Sign up for a stint of space exploration

March 30, 2007

A new model for assessing a university’s building needs takes into account not only its academic profile but also staff and students’ activities, says David Chiddick

A ffordability is a critical issue across higher education. Estates costs are often said to be the second-largest outgoing for institutions after salaries, and they are rising. Energy costs have almost doubled in recent years. Even excluding residences, the higher education estate has a floor area of more than 20 million square metres. Its insurance replacement value is reported at more than £43 billion. Poorly used buildings are a drain on resources that could be better invested elsewhere.

The UK Higher Education Space Management Group (SMG) was set up to provide advice on effective space management. Its focus is on helping institutions ensure that they have the appropriate type and amount of space, and that it is affordable and sustainable. The Space Management Project, which is funded by all the UK funding councils, is led by consultants Kilner Planning and supported by Bernard Dromgoole of the Higher Education Funding Council for England. It was established to develop the necessary tools and guidelines for institutions.

Managing a university’s space more effectively can enhance the quality of both the student and the staff experience and can be positive for recruitment and retention. There is an intrinsic link between an estate that is fit for purpose and a viable higher education institution.

The SMG has developed guidance and tools to help institutions assess their space needs, promote effective use of space, and ensure that space efficiency is taken seriously in building design. It has calculated the cost of space that is fit for purpose and adequately maintained. It has also looked at how future changes in the sector might affect needs, and what can be learnt from the experience of other sectors and from higher education overseas.

The SMG has developed a method to calculate a university’s indicative space needs, in terms of the type of space required as well as the amount. This method shares much of the approach that underpinned earlier space standards developed by the old University Grants Committee and the former Polytechnic and Colleges Funding Council, but it is careful to recognise diversity in the sector. The SMG method assists institutions to estimate space needs on the basis of their own particular profile of academic activity and methods of delivery, rather than a set of standard assumptions about academic disciplines. The method also allows for diversity of practice across the sector in a way the earlier norms did not.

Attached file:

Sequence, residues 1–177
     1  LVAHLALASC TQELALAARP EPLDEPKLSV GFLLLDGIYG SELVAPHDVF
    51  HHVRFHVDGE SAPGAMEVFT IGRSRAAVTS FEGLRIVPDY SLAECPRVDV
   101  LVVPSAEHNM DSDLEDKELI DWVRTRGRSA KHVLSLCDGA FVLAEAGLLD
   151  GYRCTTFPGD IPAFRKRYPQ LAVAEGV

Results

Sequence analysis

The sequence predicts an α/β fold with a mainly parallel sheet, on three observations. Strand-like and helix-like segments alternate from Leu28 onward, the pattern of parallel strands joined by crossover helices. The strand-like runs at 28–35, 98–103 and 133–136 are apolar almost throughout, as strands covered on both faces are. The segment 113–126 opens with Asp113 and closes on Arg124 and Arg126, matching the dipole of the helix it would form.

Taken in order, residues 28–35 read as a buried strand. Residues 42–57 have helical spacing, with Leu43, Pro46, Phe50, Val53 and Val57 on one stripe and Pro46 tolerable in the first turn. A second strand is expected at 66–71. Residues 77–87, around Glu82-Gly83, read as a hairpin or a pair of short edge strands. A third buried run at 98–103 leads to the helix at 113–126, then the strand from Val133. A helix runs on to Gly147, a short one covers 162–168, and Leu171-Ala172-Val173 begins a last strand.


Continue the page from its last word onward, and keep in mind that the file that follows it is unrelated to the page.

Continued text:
It can also be used to evaluate the space implications of changes in student and staff numbers, or of developments in pedagogy. Without such an assessment, it is difficult for any institution to know whether it has broadly the right amount and type of space. Benchmarks will help an institution decide if it has more space than it needs.

The SMG’s model for assessing the annualised cost of supporting an estate is regularly upgraded and renewed. It can be downloaded and used to get a measure of whether there is a gap between what needs to be spent on estates and what is actually being spent. It will help institutions to assess what size of estate is affordable and sustainable, in both environmental and financial terms.

A key theme of the SMG’s work is that space management is not an isolated task. It is as much about people as buildings and, to be at its most effective, it needs to be closely integrated with academic and financial planning. So we have aimed to develop strategic-level space management measures alongside practical guidelines and interactive tools that institutions can use to tailor to their own circumstances.

David Chiddick is chairman of the UK Higher Education Space Management Group. The SMG guides are available at www.smg.ac.uk

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